A group at Tokyo Medical and Dental University (TMDU) suggests that bone repair can be improved in large bone lesions by injecting a combination of RNA, according to recent research.
In a study in rats, the researchers demonstrated that injecting RNA encoding two different proteins involved in bone repair improved bone regeneration over large areas. They noted the finding could translate well into the clinic.
"Our technique is especially promising for clinical use because of the coating that we used for the VEGF and Runx2 RNA,” explained lead author Maorui Zhang, in a news release from the university.
Previous research has shown that vascular endothelial growth factor (VEGF) and Runt-related transcription factor 2 (Runx2) are two important proteins involved in bone regeneration. In this study, the group injected messenger RNA that encodes VEGF and Runx2 into rats with large jawbone lesions.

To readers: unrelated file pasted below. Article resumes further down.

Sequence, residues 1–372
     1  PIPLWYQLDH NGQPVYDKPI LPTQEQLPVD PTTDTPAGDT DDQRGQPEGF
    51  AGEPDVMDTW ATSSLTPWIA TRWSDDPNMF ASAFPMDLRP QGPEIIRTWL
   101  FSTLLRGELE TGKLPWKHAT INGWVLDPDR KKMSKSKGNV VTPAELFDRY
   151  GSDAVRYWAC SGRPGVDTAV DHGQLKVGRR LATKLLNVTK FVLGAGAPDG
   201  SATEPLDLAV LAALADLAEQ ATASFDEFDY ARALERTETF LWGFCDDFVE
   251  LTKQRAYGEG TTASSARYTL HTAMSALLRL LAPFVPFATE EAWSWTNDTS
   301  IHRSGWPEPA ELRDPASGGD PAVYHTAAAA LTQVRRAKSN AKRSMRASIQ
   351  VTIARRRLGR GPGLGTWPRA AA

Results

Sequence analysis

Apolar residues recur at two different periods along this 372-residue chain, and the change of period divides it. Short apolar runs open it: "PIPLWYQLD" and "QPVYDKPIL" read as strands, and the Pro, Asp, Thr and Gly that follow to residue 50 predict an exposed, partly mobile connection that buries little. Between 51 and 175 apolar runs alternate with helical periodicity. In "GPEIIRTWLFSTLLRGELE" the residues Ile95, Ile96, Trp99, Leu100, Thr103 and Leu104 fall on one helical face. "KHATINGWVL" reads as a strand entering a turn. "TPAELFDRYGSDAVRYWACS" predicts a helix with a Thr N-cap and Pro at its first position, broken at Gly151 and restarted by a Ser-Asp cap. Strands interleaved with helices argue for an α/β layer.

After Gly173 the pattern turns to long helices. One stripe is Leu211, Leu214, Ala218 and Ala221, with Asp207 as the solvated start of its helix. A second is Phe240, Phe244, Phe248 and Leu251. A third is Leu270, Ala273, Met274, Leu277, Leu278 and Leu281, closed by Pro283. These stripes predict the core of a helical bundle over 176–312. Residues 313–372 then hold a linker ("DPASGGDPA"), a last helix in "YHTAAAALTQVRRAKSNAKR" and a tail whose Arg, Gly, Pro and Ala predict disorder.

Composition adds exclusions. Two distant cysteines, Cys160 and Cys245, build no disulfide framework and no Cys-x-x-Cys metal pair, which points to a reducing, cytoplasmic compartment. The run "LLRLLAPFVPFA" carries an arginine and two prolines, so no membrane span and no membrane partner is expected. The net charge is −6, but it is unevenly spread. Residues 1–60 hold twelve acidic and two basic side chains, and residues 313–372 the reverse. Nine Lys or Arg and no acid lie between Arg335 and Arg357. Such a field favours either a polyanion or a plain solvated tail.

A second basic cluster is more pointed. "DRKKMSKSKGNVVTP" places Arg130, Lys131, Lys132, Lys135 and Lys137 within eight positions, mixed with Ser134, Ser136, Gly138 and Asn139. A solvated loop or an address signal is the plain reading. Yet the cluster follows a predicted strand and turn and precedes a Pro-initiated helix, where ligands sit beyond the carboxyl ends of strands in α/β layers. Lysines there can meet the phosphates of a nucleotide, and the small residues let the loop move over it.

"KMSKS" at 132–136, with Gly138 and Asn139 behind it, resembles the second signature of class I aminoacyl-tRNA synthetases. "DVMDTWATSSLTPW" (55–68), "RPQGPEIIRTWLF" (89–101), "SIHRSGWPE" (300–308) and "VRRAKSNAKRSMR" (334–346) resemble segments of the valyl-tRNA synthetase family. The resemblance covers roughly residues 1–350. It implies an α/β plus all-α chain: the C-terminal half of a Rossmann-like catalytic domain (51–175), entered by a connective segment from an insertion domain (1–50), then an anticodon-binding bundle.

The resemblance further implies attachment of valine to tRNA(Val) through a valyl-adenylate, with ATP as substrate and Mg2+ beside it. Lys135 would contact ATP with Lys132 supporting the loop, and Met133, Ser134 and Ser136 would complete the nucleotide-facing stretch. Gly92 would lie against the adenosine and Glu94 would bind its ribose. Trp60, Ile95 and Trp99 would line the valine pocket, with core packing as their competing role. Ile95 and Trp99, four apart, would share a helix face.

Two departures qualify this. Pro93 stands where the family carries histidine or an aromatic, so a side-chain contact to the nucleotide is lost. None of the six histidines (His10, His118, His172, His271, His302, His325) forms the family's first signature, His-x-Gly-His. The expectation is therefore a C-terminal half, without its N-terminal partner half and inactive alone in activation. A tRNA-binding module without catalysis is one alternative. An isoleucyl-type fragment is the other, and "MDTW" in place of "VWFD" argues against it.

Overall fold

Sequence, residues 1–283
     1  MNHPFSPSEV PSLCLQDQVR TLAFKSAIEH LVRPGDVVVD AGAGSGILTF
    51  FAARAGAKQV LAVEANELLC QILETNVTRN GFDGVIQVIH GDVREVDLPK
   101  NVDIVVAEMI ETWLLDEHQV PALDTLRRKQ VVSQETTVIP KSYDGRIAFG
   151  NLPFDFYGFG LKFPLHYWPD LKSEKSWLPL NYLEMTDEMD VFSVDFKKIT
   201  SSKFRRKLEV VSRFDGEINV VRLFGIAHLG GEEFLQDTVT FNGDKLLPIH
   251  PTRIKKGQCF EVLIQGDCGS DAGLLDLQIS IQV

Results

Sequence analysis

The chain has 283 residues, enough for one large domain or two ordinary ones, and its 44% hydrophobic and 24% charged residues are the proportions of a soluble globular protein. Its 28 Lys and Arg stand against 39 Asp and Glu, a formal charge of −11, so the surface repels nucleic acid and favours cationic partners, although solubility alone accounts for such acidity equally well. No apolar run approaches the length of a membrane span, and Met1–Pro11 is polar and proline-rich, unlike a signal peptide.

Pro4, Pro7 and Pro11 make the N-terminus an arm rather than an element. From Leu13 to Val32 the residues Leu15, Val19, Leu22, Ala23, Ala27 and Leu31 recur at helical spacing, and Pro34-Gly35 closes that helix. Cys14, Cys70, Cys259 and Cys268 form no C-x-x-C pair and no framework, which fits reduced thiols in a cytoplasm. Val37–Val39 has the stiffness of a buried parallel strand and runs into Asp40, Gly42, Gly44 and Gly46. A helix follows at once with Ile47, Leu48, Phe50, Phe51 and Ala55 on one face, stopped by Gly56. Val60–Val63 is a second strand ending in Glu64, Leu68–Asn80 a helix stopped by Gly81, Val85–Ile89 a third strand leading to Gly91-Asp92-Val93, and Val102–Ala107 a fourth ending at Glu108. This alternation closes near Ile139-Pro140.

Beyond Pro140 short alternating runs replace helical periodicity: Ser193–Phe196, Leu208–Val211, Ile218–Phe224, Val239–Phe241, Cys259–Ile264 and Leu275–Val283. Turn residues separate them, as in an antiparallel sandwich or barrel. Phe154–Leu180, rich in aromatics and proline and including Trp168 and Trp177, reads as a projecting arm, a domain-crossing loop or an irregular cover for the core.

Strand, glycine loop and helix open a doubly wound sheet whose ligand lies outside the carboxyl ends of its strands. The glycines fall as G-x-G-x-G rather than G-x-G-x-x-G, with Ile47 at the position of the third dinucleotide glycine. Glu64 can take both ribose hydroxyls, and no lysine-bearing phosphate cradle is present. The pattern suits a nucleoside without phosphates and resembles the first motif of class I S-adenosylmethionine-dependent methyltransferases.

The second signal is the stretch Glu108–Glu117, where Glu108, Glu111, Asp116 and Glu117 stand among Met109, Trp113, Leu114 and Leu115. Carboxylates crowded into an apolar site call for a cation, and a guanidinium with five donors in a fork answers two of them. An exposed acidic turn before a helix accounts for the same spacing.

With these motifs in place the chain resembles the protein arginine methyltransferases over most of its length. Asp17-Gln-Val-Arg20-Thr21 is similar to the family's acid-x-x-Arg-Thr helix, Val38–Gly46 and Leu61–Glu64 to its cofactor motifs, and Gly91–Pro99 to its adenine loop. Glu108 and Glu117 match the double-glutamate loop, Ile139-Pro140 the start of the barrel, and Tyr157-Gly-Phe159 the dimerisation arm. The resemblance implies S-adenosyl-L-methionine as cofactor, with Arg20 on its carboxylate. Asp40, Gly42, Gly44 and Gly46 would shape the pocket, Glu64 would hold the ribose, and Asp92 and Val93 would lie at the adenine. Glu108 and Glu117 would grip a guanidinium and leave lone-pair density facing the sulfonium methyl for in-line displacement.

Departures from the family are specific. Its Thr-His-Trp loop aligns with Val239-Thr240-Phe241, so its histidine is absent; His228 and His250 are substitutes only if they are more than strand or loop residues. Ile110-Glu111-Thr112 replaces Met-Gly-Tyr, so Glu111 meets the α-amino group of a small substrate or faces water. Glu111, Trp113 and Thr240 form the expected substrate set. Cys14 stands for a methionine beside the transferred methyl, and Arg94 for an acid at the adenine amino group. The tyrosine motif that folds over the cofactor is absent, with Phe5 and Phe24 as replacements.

After three weekly injections, the jawbones of these mice were almost completely healed, unlike those of control mice, according to the findings. The key to the study was the coating on the RNA, the researchers noted.
"Many previous studies have used lipid nanoparticles, but this coating leads to inflammation, limiting its clinical use. We used a coating that we had developed previously, known as polyplex nanomicelles, which leads to very little inflammation," Zhang said.
Ultimately, although bones have the ability to regenerate and repair themselves, they are generally unable to do so when the injury is larger than a small break or chip, and the study provides new hope for patients with large bone lesions as a result of injury or surgery in whom bone repair is often difficult to achieve, the researchers concluded.
The full study was published in Inflammation and Regeneration.